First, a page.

Is the United States a socialist country? Without question, it is not. Are there socialist attributes to President Obama's reform? Without a question, there are.
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Translated By Nicholas van Heyst
China - Huanqiu - Original Article (Chinese)
There is a joke that has quietly circulated its way around--In 1949 it was only socialism that could save China, in 1989 only China could save socialism and in 2009 only China can save capitalism.
Across the great ocean on the American shore, there is a view that has an astonishing resemblance to this one. On the front cover of the mid-February edition of America's Newsweek magazine there was a very direct heading that asserted "we are all socialists now." Is the United States a socialist country? Without question, it is not. Are there socialist attributes to President Obama's reform? Without a question, there are.
During the campaign Obama was accused by his opponent of being a "socialist," Castro, the Cuban leader, called him "comrade" and, more recently, the Venezuelan president Chavez jokingly said, "Come on, Obama, align yourself with us on the way to socialism!"
With regards to GM bankruptcy protection and the restructuring of financial institutions, Obama's reform measures, invariably, reflect socialistic characteristics. The largest shareholders of General Motors Automotive are now the government and the workers union. This means that this company, which is a symbol of the American capitalist spirit, has become a "state and collectively owned enterprise."*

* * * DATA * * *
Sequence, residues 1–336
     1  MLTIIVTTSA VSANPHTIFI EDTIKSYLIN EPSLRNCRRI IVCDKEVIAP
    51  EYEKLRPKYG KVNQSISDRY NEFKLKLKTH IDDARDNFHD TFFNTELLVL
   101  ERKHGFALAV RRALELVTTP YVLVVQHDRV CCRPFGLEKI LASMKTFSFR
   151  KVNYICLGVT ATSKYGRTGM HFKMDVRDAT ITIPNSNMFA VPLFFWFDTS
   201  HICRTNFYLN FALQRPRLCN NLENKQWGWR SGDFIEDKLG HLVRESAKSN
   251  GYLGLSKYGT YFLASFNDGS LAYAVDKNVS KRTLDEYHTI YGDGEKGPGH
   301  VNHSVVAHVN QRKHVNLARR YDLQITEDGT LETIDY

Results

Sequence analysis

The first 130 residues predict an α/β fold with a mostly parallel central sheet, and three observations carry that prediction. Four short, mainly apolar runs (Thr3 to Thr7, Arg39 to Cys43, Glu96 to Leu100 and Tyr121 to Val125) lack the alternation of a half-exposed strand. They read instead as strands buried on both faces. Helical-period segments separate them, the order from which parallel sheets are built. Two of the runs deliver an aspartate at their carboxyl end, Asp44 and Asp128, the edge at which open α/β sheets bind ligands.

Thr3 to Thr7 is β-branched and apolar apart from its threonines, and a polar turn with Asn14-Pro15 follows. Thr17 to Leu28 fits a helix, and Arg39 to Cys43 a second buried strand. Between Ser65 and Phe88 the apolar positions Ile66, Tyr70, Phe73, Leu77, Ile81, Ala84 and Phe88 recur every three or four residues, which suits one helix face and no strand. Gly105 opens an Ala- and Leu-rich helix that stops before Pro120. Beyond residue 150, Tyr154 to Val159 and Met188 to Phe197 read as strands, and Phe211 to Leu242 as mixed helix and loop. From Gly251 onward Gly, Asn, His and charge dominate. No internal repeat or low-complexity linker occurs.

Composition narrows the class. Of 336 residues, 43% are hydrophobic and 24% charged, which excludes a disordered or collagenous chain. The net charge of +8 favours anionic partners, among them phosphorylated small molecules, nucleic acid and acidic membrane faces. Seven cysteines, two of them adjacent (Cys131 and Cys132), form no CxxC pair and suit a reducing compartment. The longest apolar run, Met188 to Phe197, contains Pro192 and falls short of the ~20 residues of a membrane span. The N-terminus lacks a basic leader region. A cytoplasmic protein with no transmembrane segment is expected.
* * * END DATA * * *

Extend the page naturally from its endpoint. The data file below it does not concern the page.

The financial reform is very much of the same vein, as the U.S. wants to transform the Federal Reserve into what would be a "super regulator," comprehensively strengthening regulation towards the financial institutions. It is also planning to establish a new financial consumer safeguard endowed with authority that far supersedes that of the current regulatory system. This way of doing things is in conformity with the Marxist doctrine of the Communist Manifesto in which Marx foretold a capitalist financial crisis. The American Foreign Policy magazine offered a very Marxist "prescription" suggesting that the "whole financial sector be turned into a public utility" -- perhaps one could say, "centralization of credit in the hands of the State by means of a national bank with State capital and an exclusive monopoly." (Communist Manifesto).
Something that has an even more socialist flavor than nationalization of enterprise and strengthened regulation is Obama's medical insurance reform. The intent is to give every American affordable medical insurance by means of establishing a government supported public medical insurance program that would compete with private insurance companies. Obama's view on the matter was that "if the private insurance companies have to compete with public option, it will keep them honest and help keep prices down." In other words, the United States wants to use the strength of the government to establish an "everyone has medical insurance" society, very much in tune with the socialist concept of "everyone has rice to eat and everyone has clothes to wear."
Of course, the hurdles that must be overcome for Obama's medical reform are not the same. Within the union or medical insurance private sector there is a deep-seated structure that has pushed up the basic cost. One needs to remember that it can be almost impossible for a majority in congress to unite in order to push forward legislation that will topple this deep-seated structure. This so called deep-seated structure is made up of the medical field, the insurance field and several government organizations and interest groups. Thus the hurdles that must be overcome for reform to take place come from those who have a vested interest at stake.